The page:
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Betta Fish Fight Like Gentlemen

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If you've ever put a male betta fish, also known as a Siamese fighting fish, near the tank of another of its kind (or even worse, in the same tank), then you know that these aggressive beauties love the thrill of the fight. What you might not know, though, is that these fierce foes actually display some rather sportsmanlike behavior when they fight.

Bettas are native to the rice paddies of Thailand, Cambodia, Vietnam, and Malaysia, where water is relatively low in oxygen. As a result, the fish adapted, evolving an organ that allows them to breathe when they break the surface of the water. Unfortunately, this also means they have smaller gills than most fish, so when they engage in high energy activities, they must periodically take a break and hit the surface.

While you might think this breather would provide a particularly aggressive fish a perfect opportunity to strike at his opponent while his defenses are down, the fish actually come up for air at the same time. The behavior is purely tactical, according to researcher Dr. Steven Portugal of London's Royal Veterinary College. "If your foe needs to breathe first, you might be forgiven for thinking this is the best time to strike," he says. "However, if your attack at this point is not successful, your opponent comes back to carry on fighting you with plenty of oxygen. Therefore, by both surface-breathing at the same time, neither of you are risking being attacked by the other during the ascent and descent from the surface."

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Animals
Why Male Hyenas Have It Worse Than Females
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A life of hunting zebras and raising young on the savanna isn’t half bad for a female hyena. Sadly, the same can’t be said for their male counterparts. As MinuteEarth explains, things take a downturn for the males of the species once they hit adolescence. No female in their pack will mate with them, a behavior scientists believe evolved to avoid inbreeding, so they head off in search of a different group to join. After dealing with vicious hazing from their new clan, they file in at the bottom of the rank and wait for other males above them to die so that they can slowly gain status.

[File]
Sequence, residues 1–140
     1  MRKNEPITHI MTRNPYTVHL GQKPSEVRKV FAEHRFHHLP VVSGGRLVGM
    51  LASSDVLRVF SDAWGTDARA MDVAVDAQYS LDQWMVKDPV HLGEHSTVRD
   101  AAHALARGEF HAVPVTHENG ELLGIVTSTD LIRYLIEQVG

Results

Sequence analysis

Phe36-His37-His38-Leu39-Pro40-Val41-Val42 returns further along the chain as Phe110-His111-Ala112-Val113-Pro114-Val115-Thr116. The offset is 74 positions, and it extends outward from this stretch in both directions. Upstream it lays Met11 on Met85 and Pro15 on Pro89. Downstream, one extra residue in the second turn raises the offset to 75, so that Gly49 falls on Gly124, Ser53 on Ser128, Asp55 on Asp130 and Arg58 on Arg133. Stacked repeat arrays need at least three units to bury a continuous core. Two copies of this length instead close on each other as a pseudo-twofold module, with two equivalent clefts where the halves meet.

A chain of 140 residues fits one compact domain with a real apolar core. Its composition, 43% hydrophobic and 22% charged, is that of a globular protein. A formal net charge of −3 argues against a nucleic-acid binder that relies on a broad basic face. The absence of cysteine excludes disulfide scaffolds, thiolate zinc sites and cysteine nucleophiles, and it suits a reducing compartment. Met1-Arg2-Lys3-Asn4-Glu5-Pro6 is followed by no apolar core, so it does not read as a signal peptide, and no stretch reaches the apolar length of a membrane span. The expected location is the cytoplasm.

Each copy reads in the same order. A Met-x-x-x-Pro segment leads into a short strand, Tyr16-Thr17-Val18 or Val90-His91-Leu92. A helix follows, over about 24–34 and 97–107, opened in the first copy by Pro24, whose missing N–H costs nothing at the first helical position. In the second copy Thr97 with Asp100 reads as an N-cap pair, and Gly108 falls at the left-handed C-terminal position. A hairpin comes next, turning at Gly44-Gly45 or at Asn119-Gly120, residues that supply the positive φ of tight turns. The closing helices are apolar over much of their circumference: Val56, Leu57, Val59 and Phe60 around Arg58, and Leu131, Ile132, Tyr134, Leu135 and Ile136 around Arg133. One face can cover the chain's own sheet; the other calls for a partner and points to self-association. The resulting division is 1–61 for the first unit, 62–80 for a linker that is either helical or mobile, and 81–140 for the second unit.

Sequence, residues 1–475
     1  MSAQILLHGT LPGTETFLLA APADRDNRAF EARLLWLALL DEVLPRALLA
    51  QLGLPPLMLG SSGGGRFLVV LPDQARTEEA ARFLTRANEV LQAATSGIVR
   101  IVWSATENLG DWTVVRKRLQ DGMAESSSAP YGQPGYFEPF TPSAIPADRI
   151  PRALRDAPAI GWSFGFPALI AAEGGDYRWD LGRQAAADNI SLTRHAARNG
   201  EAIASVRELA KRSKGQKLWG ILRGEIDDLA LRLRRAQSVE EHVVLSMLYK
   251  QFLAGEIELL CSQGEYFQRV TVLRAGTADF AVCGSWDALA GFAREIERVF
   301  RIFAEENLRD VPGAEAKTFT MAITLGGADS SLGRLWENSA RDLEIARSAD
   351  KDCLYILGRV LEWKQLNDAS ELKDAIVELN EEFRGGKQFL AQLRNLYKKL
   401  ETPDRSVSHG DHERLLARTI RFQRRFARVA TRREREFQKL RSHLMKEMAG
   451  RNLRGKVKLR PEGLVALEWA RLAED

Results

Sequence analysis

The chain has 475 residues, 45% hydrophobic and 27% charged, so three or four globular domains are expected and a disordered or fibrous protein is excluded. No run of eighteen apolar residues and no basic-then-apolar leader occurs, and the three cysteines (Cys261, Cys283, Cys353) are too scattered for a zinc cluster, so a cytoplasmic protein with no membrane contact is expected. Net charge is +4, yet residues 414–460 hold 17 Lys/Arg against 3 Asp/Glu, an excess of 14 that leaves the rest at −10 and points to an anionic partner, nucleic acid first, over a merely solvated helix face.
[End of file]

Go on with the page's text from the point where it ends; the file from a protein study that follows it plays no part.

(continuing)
Even after rising through the hierarchy, the most a male hyena can aspire to is being second place to the lowest-ranking female. Thanks to their bulky build and aggressive behavior, female hyenas enjoy a dominant position that’s rare in the animal kingdom.

After watching the video below, head over here for more facts about hyenas.

[h/t MinuteEarth]

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Art
A Beached Whale Sculpture Popped Up on the Banks of Paris's Seine River
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In Paris, dozens of fish varieties live in the Seine River. Now, the Associated Press reports that the famous waterway is home to a beached whale.

Rest assured, eco-warriors: The sperm whale is actually a lifelike sculpture, installed on an embankment next to Notre Dame Cathedral by Belgian artists’ collective Captain Boomer. It’s meant to raise environmental awareness, and evoke "the child in everyone who still is puzzled about what is real and what is not,” collective member Bart Van Peel told the Associated Press.

The 65-foot sculpture has reportedly startled and confused many Parisians, thanks in part to a team of fake scientists deployed to “survey” the whale. One collective member even posted a video on social media, warning Parisians that there “may be others in the water” if they opt to take a dip in the river, The Local reported.

The whale sculpture is only temporary—but as for Captain Boomer, this isn’t their first whale-related stunt. Last summer, the collective installed a similar riverside artwork in Rennes, France, and they also once strapped a large-scale whale sculpture to the back of a truck and drove it around France.

[h/t Associated Press]

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